Open thread Sept.15, 2015 Dan Crawford | September 15, 2015 7:28 am Tags: open thread Comments (9) | Digg Facebook Twitter |
How about that Jeremy Corbyn?
How about paleoanthropogy? Economists stuck in the trap where science is more or less equal to physics, should watch this on PBS:
Paleoanthropology is a hard science.
Watch as one model–an evolutionary family tree that leads from Australopithecus to Homo Sapiens Sapiens–is found to be false. Not because it simplifies. It presents a simple picture, but it does that because the truth is/was thought to be simple. But it is rejected because it is wrong.
There are no experiments. There are no control groups. There are no counterfactuals.
There is only the collection of data.
A new model is put forward–a braided stream of evolution–this phrasing is metaphorical, but the model itself is not a metaphor. It is a description of how evolution proceeded across deep time. It has many holes, places without data, but it is no more simple than the reality it describes.
Practicing economics under the belief that physics is the only way to do science, is like practicing international relations under the belief that the United States is the only way to do democracy. An American who has never traveled has no idea how many aspects of our democracy are contingent, how many things can be done differently.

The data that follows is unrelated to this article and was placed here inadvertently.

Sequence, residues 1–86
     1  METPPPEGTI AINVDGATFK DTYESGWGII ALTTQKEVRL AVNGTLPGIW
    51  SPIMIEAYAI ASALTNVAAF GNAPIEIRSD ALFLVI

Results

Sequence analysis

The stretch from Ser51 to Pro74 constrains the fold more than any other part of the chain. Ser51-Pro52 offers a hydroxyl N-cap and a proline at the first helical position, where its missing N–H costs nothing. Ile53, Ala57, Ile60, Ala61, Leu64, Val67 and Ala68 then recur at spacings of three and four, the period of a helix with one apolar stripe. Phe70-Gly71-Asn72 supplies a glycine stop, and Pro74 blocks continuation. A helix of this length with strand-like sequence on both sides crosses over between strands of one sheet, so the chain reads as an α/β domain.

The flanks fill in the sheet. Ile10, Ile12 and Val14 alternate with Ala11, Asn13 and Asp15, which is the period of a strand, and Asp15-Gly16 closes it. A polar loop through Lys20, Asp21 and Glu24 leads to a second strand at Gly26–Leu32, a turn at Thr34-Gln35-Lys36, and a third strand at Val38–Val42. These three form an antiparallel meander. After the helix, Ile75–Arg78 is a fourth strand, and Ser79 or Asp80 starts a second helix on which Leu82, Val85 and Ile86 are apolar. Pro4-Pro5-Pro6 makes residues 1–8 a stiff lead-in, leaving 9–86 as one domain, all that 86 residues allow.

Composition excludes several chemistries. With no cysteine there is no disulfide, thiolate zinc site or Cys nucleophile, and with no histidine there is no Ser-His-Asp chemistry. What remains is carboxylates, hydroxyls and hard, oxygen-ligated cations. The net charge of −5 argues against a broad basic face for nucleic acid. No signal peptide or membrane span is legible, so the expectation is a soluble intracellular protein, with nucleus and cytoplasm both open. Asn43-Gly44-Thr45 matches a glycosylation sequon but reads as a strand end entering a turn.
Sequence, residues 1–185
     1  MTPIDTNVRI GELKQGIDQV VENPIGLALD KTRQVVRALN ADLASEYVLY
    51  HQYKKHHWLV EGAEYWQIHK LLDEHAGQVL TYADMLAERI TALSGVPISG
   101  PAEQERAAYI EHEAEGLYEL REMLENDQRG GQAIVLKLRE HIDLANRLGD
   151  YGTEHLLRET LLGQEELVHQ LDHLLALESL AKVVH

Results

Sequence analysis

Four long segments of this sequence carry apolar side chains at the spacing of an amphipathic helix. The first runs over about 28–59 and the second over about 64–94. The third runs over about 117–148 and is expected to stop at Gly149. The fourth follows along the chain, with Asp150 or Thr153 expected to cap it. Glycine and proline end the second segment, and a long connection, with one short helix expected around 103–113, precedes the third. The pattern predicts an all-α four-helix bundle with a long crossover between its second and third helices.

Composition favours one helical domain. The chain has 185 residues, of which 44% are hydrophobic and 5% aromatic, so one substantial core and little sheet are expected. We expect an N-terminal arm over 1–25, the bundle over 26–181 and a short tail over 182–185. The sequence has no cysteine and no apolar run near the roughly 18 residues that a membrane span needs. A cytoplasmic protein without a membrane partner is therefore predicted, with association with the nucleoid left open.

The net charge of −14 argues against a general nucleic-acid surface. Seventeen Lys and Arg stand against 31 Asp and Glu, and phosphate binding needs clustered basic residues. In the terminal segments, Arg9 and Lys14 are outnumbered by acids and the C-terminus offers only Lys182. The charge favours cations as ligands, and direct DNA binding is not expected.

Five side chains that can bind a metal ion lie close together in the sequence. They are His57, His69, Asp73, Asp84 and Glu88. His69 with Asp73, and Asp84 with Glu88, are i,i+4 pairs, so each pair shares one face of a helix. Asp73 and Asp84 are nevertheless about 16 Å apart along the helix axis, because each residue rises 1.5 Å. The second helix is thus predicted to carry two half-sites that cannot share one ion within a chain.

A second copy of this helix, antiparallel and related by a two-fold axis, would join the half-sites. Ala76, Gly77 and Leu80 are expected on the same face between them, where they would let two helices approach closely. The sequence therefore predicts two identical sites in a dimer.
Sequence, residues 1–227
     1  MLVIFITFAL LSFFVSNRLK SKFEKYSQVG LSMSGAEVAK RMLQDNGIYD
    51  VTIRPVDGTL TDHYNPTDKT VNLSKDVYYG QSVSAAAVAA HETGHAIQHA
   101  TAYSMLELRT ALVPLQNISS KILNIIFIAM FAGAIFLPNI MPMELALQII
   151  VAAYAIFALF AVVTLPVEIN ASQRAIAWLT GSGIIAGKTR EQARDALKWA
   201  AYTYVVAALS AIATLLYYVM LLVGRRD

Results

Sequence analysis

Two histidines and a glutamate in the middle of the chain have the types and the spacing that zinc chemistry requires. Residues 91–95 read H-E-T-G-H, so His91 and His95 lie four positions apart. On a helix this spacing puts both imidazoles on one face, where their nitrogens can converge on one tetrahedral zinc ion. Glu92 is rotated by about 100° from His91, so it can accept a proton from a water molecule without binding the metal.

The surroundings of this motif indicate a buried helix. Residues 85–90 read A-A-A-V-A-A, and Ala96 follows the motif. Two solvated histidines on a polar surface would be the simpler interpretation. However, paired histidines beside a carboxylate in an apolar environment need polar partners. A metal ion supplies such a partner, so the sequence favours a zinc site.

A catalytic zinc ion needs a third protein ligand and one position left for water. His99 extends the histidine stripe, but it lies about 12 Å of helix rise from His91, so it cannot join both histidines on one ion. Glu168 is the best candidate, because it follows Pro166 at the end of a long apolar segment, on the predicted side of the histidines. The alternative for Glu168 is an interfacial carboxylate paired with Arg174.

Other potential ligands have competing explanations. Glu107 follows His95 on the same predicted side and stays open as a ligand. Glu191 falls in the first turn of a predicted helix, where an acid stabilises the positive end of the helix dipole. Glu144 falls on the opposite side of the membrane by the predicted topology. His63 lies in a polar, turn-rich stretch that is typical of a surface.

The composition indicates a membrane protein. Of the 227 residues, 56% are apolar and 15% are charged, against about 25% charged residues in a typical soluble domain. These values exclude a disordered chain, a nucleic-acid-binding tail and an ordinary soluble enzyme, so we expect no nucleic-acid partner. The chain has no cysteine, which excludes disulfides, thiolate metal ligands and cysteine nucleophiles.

Do you really want to be the Ugly American?
To some degree you could fold this into the Eccles-Popper debate where the Nobelist Bio-Physiologist and his friend and war time Australia colleague Sir Karl Popper expressed a fundamental disagreement on what science was.
Sir Karl promoted and popularized a view of science as having a demarcation of “Falsification”, a view consonant with that of most physicists but one which Sir John pointed out made most of Biology and associate sciences not ‘Science’ at all. Because Observational.
http://icarusfilms.com/new2012/ph_pe.html (Eccles and Popper arguing a related point).
But whether you are a committed Popperian (and I am a disciple of sorts) or a devotee of Eccles you have to see Economics falling between both stools. Because it tries to be all sciency like Physics but doesn’t actually expose itself to Popperian falsification while at the same time it disdains actual exposure to observational reality.
That is modern ‘Scientific’ Economics doesn’t really resemble modern Physics or modern observational Biology as pre-modern Scholastism. That is just start from premises and axioms and build from there.
I was going to suggest instead Ptolemaic Astronomy until I realized that it was pretty damn observational. Even as it rejected falsification. But at least it made a commitment to matching data to theory. Even if that meant adding epicycles and pericycles. Economists don’t seem to even bother reconciling historical and sociological data to their theores at all.
Yes who does Jeremy Corbyn think he is? Actually trying to align the ‘Labour’ Party with the interests of the working class rather than prioritizing political victories by moving Parliamentary Labour right into the hands of Third Way Plutocratic Neo-Liberalism.
You know those office suites in Westminster and those bar bills in the dozens of bars in the House of Parliament are not going to fund themselves. “Jez we can” offend the millionaire finaciers that have elevated Tony Blair to the front row seats at Davos.
Corbyn may never be Prime Minister of Great Britain even as Bernie Sanders will not ever be President of the United States. But if their respective bids for leadership drive a stake through the hearts of U.S. DLC Third Wayism and its British Blairite equivalent that good riddance to bad rubbish.